The Center for the Humanities

Barcelona, 1936: Selections from Muriel Rukeyser’s Spanish Civil War Archive

Editor: Rowena Kennedy-Epstein
32 pages, softcover, saddle-stitch binding

"Barcelona, 1936," published in Life and Letters To-day, and the unpublished poem "For O.B." are two of Muriel Rukeyser's earliest pieces about the Spanish Civil War, an experience she would write about throughout her lifetime and one that shaped her poetic and political commitments. This volume offers an exclusive selection from her Civil War archive, complete with maps, photographs, and manuscript pages uncovered through the extensive archival research of editor Rowena Kennedy-Epstein.

Author Biography:

MURIEL RUKEYSER was born in New York City in 1913. After winning the Yale Younger Poets Prize in 1935 for her first collection, Theory of Flight, Rukeyser’s poetic output would go on to span 14 volumes. Many of her books incorporate documentary material, notably, “The Book of the Dead” series in her 1938 collection U.S. 1, an examination of the Gauley Bridge industrial disaster, in which approximately 1,000 men died of silicosis. Rukeyser’s wide-ranging body of work also includes biographies of American physical chemist Willard Gibbs (Willard Gibbs: American Genius, 1942) and English Renaissance explorer and astronomer Thomas Hariot (The Traces of Thomas Hariot, 1971), a book-length “story and song” about the life of 1940 Republican presidential candidate Wendell Wilkie (One Life, 1957), a musical about Harry Houdini (Houdini: A Musical, published 2002), a personal exploration of the pagan goat festival Puck Fair (The Orgy, 1965), a collection of lectures about the uses and possibilities of poetry (The Life of Poetry, 1949), translations (of Octavio Paz and Gunnar Ekelöf), children’s books, film scripts, and criticism. Rukeyser begins The Life of Poetry with her experience in Spain at the start of the Civil War, framing her talks as an answer to the question posed to her, “And poetry—among all this—where is the place for poetry?” Both her writing and her life experiences—witnessing the 1933 Scottsboro trials as a student journalist or traveling to Hanoi to protest America’s involvement in Vietnam—are a testament to their deep interconnectedness. Rukeyser died in New York in 1980.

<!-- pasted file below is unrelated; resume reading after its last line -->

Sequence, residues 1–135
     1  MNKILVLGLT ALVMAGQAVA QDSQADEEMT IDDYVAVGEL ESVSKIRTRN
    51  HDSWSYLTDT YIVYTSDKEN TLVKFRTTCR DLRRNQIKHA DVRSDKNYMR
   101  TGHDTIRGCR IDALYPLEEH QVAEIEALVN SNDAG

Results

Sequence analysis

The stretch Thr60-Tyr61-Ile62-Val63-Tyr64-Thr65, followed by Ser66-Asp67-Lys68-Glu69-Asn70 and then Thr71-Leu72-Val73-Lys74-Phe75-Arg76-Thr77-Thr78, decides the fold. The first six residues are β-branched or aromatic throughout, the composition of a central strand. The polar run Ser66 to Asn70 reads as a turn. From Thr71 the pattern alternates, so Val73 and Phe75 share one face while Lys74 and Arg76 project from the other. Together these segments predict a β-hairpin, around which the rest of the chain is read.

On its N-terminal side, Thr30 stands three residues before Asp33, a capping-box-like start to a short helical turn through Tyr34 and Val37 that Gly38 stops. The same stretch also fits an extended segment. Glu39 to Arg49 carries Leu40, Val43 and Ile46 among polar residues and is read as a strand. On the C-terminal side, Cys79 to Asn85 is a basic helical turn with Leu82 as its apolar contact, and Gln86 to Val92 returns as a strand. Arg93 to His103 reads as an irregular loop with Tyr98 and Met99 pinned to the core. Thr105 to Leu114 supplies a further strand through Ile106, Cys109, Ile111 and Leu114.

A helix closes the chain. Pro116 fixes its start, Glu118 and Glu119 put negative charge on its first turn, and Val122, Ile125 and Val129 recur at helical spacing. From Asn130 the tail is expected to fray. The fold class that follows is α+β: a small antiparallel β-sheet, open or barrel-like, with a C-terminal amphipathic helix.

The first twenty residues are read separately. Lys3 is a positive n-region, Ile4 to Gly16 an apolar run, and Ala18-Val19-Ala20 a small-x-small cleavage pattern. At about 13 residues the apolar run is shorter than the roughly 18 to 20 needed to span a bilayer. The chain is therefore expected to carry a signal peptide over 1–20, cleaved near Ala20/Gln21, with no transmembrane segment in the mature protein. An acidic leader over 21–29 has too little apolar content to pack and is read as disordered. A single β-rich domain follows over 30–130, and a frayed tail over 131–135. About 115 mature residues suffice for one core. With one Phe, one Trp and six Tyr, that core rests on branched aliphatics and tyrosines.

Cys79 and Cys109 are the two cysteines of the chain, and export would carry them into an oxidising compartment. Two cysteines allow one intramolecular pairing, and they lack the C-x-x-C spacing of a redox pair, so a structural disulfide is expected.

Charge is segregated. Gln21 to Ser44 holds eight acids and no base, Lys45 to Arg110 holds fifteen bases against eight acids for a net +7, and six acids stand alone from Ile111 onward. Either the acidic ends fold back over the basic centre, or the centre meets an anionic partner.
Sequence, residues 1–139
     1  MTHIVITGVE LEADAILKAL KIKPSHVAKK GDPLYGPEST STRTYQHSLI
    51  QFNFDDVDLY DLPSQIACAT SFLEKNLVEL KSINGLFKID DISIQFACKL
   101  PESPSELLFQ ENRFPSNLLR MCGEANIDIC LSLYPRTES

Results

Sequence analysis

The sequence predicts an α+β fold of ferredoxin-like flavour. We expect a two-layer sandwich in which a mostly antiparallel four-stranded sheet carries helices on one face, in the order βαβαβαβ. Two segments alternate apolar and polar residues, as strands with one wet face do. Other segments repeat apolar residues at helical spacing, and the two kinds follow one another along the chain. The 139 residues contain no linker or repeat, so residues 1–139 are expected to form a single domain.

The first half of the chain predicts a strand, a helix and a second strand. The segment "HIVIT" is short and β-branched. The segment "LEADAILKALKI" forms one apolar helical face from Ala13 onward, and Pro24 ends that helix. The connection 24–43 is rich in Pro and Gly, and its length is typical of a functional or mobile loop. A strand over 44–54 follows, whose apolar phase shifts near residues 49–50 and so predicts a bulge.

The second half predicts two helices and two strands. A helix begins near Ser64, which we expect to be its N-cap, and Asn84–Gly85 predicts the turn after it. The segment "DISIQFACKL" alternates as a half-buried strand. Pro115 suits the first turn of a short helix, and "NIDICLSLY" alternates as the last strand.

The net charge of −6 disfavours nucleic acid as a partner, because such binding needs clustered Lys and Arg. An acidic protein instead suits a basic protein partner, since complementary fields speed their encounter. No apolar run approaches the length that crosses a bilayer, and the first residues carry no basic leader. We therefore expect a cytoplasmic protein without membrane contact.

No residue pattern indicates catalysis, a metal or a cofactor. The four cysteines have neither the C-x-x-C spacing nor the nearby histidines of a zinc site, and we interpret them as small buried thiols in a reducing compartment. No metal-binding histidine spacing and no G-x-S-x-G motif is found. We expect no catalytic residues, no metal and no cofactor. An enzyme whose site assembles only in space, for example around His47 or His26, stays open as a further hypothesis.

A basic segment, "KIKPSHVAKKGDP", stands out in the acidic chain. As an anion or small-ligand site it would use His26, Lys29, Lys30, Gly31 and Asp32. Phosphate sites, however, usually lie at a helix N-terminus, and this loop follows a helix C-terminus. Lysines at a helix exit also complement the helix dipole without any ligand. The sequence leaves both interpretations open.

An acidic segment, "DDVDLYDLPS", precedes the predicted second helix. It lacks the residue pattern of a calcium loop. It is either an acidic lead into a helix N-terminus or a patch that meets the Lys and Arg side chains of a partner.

Selected Archives:

  • Muriel Rukeyser Papers, Manuscript Division, Library of Congress, Washington, DC

Editors